In the apparent escalation of a pricing war between local mobile telephone companies, market newcomer Beeline announced on Friday that it will not charge for time spent on the phone after the first minute for calls made within their own network, an offer that comes on the back of accusations this week that the Russian firm was selling calls below cost.
Cambodia’s leading mobile provider MobiTel criticized Beeline’s below cost calls last week, and accused the firm of the “irresponsible” business practice of “price dumping,” a charge that Beeline General Director Gael Campan denied on Friday, shortly after the launch of their new, free-after-the-first-minute, “Super Zero” plan.
“It is the most competitive in the market,” Mr Campan said.
“We think that it is more aggressive,” he said, comparing “Super Zero” to the firm’s earlier “Boom” plan, which caused the upset with MobiTel for costing just 5 cents per minute for calls made between phone networks. That Beeline promotion had undercut competitors who charge more than 6 cents for each 60 seconds of cross-network calls.
Competitors, particularly MobiTel, have said that by selling call minutes at less than 6 cents Beeline was acting irresponsibly and hurting profits in the entire mobile phone sector.
Mr Campan denied the charge on Friday, and said that his company could still make a profit at 5 cents per minute. He also denied that his company had reneged on a deal with the Ministry of Posts and Telecommunications that promised to end the Boom tariff plan. The Boom tariff, however, has ended for new customers but will continue for those who signed up before Sept 1.
MobiTel said Thursday that it would suspend the technical process of connecting its network with the Beeline network until the firm stopped the Boom tariff entirely.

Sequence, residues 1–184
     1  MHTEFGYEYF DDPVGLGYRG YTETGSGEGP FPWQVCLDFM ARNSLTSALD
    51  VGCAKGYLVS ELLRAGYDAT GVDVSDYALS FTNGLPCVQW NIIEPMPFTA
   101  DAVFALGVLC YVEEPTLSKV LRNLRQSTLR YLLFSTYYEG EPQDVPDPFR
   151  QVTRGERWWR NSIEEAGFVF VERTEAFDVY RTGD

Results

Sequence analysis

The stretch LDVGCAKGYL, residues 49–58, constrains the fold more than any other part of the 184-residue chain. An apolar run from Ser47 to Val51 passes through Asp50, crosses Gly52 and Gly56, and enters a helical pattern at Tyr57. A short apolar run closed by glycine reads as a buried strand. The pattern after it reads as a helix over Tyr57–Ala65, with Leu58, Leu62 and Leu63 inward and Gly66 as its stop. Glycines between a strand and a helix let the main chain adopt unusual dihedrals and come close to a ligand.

The connectivity issue had made it difficult at times for calls to be made between the two networks, Mr Campan said.
“Everybody knows there are difficulties from Beeline and I am sorry to say mainly from calling Beeline to MobiTel. But we are very optimistic that this issue is going to fade away,” he said.
Kith Meng, the CEO of Royal Group, which owns MobiTel, declined to comment on the issue on Friday.
The provider Smart Mobile also stepped up its promotions on Friday by offering free call minutes—between 20 and 30 minutes everyday—within its network, the company said. The plan, which starts on Monday, gives up to 30 free minutes to subscribers with more than $5 of credit on the phones, and 20 free minutes to customers with less than that.
Kirill Mankovsky, chief marketing officer of Smart Mobile, said the Cambodian mobile phone market is still not saturated yet and companies are being more aggressive in grabbing the remaining market share.
“The competition is high because there are a lot of players,” he said, adding “I think there is still room for growth for all operators.”
Syed Azmeer, chief marketing officer for Telekom Malaysia International Cambodia, which operates the Hello Point network, said on Thursday that Beeline, in launching its Boom plan, had not followed a consensus understanding among telecom firms in Cambodia on pricing, and the Russian firm’s deep pockets and ability to take losses threatened the profits of other companies.
“Most of the operators have agreed that we will stick to certain prices and not go beyond that. It’s not something formal,” Mr Azmeer said.
A government official who declined to be identified because he did not want to be seen as taking sides in the mobile phone spat said new companies have entered a crowded field with less expensive, more up-to-date technology and are trying hard to attract a necessary customer base in order to be viable.
But that competition threatens the older companies, he said.
“I think interconnectivity is very important. It needs to be regulated…. MobiTel is trying to protect their own share,” he said. “I think if [companies] have regulations they can have better competition.”